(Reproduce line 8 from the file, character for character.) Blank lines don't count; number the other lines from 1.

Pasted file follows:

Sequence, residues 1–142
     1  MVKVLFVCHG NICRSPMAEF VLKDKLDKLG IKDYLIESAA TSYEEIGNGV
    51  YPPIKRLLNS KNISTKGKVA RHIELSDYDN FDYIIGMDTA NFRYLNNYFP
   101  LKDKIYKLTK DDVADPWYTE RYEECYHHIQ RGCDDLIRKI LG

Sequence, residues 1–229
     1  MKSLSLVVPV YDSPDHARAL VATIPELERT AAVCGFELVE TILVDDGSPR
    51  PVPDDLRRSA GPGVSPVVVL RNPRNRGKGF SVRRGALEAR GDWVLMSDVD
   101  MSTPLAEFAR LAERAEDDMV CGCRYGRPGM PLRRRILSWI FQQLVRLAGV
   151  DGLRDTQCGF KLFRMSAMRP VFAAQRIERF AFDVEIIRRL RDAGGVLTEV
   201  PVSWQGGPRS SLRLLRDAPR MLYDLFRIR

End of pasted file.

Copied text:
   101  MSTPLAEFAR LAERAEDDMV CGCRYGRPGM PLRRRILSWI FQQLVRLAGV